Identifying the avirulence genes present in the L. maculans population in this study paves the way for a better understanding of blackleg disease pressure. The CE1 cultivars containing Rlm3 and Rlm4 were different than other resistance gene group combinations (Table 4). This is due to the addition of the Rlm4 gene that matches up to the AvrLm4 avirulence gene, which is frequent in the L. maculans population (Liban et al., 2016; Zhang et al., 2016; Fernando et al., 2018; Soomro et al., 2020). AvrLm3 and AvrLm9 frequencies remained low or non-existent due to the epistasis (suppression) with the presence of either AvrLm4-7 or AvrLm7 (Plissonneau et al., 2016; Ghanbarnia et al., 2018). With the masking of AvrLm3, the deployment of Rlm3 is ineffective; this further explains the differences seen in disease incidence and severity between resistance gene groups. Zhang et al. (2016) reported a breakdown of Rlm3 resistance, demonstrating the high evolutionary potential of L. maculans populations in western Canada and the overuse of the resistance gene in Canadian B. napus cultivars. Cultivars in this study used Rlm3 alone or in combination with other genes, emphasizing the overuse of this gene still in Canada.
One observation from all the L. maculans isolate collection studies would be that the higher number of isolates collected, the higher the number of L. maculans races identified; however, the avirulence frequencies are remaining constant and evenness of the population low. The Simpson’s diversity index indicated that diversity was high in the overall population due to the 35 L. maculans races isolated (Table 5). The Simpson’s evenness index was very low, due to two dominant L. maculans races representing 49% of the population (Table 5). Avirulence frequency data is helpful in the development of resistance management strategies and also why there has been a heavy focus on further understanding the frequency and diversity of L. maculans avirulence alleles in western Canada (Kutcher et al., 2010a). The L. maculans population in western Canada is genetically diverse and includes avirulence alleles that are uncommon in other canola-producing regions (Dilmaghani et al., 2009). A diverse population with many avirulence alleles to match with provides options to introduce corresponding resistance genes within canola cultivars, but low evenness indicates that the focus should be on only two to three races. Identifying and knowing the predominant avirulence alleles within the population will aid in determining which resistance genes should be considered in canola breeding programs.
There has been a keen interest to develop resistant crops carrying multiple resistance conferring gene sequences through further investigation and understanding of host–pathogen interactions (Fuchs, 2017). Knowledge of gene-for-gene interactions are now being used to help farmers make informed decisions on resistant cultivars to deploy in many crops such as wheat, rice, and soybean (Gururani et al., 2012; Lof and van der Werf, 2017). The B. napus–L. maculans pathosystem is just one example of many, where strategic deployment of resistant sources has an impact on disease levels (Marcroft et al., 2012; Van de Wouw and Howlett, 2019). Validating the applicability of the management practice for strategic resistance gene deployment in western Canada for one pathosystem provides this as an option to manage other plant diseases in canola and other crops.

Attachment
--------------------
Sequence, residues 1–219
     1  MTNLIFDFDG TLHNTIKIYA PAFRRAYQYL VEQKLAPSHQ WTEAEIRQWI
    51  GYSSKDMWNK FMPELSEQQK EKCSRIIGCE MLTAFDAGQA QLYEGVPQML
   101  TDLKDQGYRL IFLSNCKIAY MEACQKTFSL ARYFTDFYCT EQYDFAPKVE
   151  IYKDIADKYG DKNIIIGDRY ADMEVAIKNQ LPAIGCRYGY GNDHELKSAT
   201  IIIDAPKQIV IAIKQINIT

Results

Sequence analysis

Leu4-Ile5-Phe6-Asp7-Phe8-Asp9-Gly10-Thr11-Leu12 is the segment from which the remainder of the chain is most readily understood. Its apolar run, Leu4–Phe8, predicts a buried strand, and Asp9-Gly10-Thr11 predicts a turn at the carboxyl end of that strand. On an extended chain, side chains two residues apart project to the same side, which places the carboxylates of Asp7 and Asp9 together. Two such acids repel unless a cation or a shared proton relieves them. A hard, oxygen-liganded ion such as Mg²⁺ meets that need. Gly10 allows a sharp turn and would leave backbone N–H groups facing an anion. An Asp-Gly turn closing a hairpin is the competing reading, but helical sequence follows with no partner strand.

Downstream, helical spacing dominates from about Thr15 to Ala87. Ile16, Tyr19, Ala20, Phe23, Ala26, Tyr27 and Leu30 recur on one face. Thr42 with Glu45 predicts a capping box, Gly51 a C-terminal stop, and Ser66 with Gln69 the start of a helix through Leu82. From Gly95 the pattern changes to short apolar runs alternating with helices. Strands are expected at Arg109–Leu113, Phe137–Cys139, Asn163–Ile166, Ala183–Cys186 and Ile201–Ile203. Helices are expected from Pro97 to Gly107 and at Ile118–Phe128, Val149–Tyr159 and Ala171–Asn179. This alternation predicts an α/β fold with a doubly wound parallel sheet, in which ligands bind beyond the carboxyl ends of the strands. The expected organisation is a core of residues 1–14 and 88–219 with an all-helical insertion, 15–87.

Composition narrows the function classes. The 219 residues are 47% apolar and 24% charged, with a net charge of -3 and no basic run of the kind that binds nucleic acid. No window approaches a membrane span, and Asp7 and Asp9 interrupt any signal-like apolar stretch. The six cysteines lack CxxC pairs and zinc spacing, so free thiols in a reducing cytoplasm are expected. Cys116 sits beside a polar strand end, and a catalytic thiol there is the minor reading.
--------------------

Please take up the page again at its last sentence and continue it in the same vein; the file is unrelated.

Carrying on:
Learning how to successfully deploy resistant cultivars to manage or mitigate blackleg disease in Canada is a priority not only for market access but also for the associated production losses it can cause. The validation of deployment of blackleg resistance gene groups in commercial canola fields on the Canadian prairies adds to the credibility of this management tactic, already proven to be effective in managing blackleg disease in other canola-producing regions. The applied component of this research can be incorporated into best management practices and provide farmers with information to help when choosing cultivars to effectively manage blackleg on their farms. Updated avirulence race profiles of L. maculans will provide plant breeders with information they need to help select resistance in their respective canola breeding programs. This information should be used as a foundation on how effective and strategic deployment of blackleg resistance genes to match L. maculans avirulence profile can manage blackleg disease levels in Canada.
Data Availability Statement
The original contributions presented in the study are included in the article/Supplementary Material, further inquiries can be directed to the corresponding author/s.